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Building a DIY home recording studio requires more than creative drive. A home producer must find the right space and fill it with the proper equipment.

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You don’t have to have access to expensive professional studios to record music. With the right equipment, you can produce records in a DIY home recording studio.

How to Set Up a Home Recording Studio

When you’re designing a dedicated recording space, there are a few things to keep in mind.

  1. Choose the right room. Most homes aren't designed with home recording in mind. They lack the high ceilings and varied surfaces of a professional recording studio design. Still, some rooms work better for recording than others. If possible, pick a room that has a solid wood door, very few windows, and a carpeted floor. You'll want to find a space that sounds relatively "dead" without unwanted echos. You can always add digital reverb to a recording, but it's nearly impossible to remove unwanted live reverb.
  2. Use a walk-in closet as a recording booth. A clothes closet can serve as a fantastic recording booth, with the rest of your space serving as a control room. The hanging clothing absorbs sound, and the closet door keeps outside noises from bleeding in.
  3. Soundproof your room. You'll want to give your room an acoustic treatment that deadens reverberating sound. You can purchase acoustic foam sound absorbers that go on the walls to capture undesirable echoes. Special sound absorbers known as bass traps go in corners. Buying enough sound absorption for your project studio will run at least $300, but for a lower cost, you can use lower grade foam or even fabric for soundproofing.
  4. Choose a desk and desk chair. You'll spend most of your time in your own studio seated at your desk. Pick a desk and a chair that are ergonomically appropriate for many hours of music recording.

7 Equipment Essentials for Your Home Recording Studio

Once you choose the right room for your home studio, it's time to equip the space with the proper recording equipment. There are seven things you'll need:

  1. A computer: Your personal computer will serve as the hub for your recording process. Don't plan on using a tablet or smartphone as your main recording interface; you'll need the full functionality of a computer.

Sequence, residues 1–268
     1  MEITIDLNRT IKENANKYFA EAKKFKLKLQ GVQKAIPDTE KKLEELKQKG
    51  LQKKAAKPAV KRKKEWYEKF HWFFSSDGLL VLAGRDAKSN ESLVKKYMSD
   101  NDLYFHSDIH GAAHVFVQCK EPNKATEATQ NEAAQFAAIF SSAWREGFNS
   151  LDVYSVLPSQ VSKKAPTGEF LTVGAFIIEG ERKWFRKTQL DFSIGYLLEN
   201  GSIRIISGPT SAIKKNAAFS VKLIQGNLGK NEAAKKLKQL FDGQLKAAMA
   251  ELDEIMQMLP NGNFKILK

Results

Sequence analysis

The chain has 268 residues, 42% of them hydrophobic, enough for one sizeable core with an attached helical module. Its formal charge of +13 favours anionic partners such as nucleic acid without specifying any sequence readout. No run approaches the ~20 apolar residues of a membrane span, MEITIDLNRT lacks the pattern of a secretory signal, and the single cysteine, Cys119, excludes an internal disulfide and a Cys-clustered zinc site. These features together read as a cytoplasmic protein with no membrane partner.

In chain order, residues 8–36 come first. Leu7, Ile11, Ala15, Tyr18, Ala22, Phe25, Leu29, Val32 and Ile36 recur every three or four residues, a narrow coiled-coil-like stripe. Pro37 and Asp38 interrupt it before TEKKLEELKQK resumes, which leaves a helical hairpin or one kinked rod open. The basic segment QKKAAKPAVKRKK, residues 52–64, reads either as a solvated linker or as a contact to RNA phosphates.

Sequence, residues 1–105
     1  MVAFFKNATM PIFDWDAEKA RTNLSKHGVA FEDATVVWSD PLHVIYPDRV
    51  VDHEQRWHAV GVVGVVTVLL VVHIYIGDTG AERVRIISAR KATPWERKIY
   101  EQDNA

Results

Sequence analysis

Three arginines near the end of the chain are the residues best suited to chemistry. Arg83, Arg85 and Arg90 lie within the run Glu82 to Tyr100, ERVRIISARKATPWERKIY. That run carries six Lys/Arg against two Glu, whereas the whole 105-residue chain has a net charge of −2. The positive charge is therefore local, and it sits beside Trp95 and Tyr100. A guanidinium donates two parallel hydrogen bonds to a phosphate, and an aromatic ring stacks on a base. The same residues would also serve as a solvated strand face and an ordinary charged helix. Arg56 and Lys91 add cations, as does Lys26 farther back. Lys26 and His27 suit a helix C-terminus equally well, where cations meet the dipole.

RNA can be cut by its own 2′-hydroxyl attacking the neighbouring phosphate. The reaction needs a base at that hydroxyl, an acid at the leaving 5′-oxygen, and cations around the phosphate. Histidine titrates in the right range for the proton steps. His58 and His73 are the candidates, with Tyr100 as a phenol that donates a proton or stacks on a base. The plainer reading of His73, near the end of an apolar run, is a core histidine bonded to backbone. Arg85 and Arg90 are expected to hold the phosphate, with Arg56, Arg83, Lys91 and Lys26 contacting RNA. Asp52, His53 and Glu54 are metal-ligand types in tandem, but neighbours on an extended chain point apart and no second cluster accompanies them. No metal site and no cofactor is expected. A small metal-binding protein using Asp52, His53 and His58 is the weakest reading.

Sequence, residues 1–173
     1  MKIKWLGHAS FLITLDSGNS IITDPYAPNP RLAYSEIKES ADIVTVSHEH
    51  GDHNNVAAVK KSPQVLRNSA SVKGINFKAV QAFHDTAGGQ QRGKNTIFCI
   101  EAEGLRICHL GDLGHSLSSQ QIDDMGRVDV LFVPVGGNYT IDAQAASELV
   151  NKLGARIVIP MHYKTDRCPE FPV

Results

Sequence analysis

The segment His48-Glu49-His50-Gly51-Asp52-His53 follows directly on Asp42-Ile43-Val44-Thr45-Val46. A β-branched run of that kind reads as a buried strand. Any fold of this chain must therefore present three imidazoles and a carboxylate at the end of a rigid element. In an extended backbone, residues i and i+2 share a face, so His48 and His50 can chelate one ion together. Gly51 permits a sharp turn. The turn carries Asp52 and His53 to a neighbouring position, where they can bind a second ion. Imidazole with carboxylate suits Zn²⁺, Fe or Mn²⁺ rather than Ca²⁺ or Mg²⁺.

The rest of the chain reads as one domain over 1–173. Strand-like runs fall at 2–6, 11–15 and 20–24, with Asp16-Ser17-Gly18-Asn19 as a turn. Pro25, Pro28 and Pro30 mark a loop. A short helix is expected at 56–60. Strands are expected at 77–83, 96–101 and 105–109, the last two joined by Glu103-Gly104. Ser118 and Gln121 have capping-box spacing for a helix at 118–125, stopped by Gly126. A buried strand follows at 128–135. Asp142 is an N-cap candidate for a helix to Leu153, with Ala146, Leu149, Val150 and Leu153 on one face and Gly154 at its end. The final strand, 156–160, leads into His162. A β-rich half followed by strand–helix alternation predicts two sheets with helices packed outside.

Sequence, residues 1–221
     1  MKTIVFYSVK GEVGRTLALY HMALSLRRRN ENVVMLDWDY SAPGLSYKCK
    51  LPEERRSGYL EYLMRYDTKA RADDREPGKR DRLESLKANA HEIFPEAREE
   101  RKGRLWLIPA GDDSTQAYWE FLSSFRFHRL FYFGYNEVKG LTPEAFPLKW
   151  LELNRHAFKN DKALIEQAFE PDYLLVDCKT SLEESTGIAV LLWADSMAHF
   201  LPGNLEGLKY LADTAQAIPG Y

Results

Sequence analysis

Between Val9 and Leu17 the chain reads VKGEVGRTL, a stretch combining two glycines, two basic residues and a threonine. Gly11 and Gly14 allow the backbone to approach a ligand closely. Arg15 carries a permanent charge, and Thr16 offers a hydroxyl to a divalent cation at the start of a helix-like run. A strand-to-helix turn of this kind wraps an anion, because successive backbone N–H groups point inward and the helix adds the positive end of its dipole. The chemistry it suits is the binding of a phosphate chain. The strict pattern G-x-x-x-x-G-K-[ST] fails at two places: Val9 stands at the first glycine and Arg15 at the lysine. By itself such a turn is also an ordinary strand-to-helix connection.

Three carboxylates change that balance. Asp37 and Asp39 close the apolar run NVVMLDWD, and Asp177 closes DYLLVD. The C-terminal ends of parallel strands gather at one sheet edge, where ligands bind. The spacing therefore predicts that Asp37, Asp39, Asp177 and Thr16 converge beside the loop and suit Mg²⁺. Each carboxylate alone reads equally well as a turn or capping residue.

2. A digital audio workstation: A digital audio workstation, or DAW, is the software that powers your computer-based recording. Popular brands include Pro Tools, Logic Pro X, Cubase, Ableton Live, Digital Performer, and Reason. Most can run on either Mac or PC, but take note that Logic is Mac-exclusive. Free programs include GarageBand (Mac only), Sonar Cakewalk (Windows only), and Audacity.
  3. A digital audio interface: You'll need a digital audio interface—sometimes called a digital audio converter or DAC—to turn analog signals into digital files that your computer can work with.
  4. Microphones: To properly build a home recording studio, you'll need to invest in three types of microphones. Condenser microphones, made with both large diaphragms and small diaphragms, can record nearly any instrument (although be advised they require 48 volts of phantom power to function). You'll also want to invest in some dynamic microphones, which can be used for both vocals and mic-ing high output instruments, like drums and guitar amps. Finally, ribbon microphones provide detail on vocals, acoustic guitars, electric guitar amps, and brass instruments.
  5. Microphone accessories: In addition to the actual microphones, you will need reliable microphone stands, pop filters (to eliminate plosives from vocals), and balanced XLR cables to connect the microphones to your recording source.
  6. Preamps: A preamplifier, or preamp, is one of the most essential yet underrated pieces of studio equipment. It goes between a microphone and a digital audio converter, adding warmth and character to the recording, and most studio engineers consider them essential for recording vocals and instruments alike. Some microphones sound rather dead unless plugged into a preamp, at which point they come to life.
  7. Studio monitors and headphones: You can have all the best microphones and preamps, but without good quality studio headphones and monitors, you won't be able to properly assess the sound quality of your work.